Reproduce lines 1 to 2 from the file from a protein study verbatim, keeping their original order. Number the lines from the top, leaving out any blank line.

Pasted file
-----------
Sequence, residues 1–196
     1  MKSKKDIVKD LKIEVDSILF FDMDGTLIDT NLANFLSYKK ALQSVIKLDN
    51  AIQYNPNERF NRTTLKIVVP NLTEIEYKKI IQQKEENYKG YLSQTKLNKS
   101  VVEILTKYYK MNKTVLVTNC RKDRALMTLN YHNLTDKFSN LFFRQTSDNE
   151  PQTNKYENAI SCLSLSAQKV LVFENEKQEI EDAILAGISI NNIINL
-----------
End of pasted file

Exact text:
Sequence, residues 1–196
     1  MKSKKDIVKD LKIEVDSILF FDMDGTLIDT NLANFLSYKK ALQSVIKLDN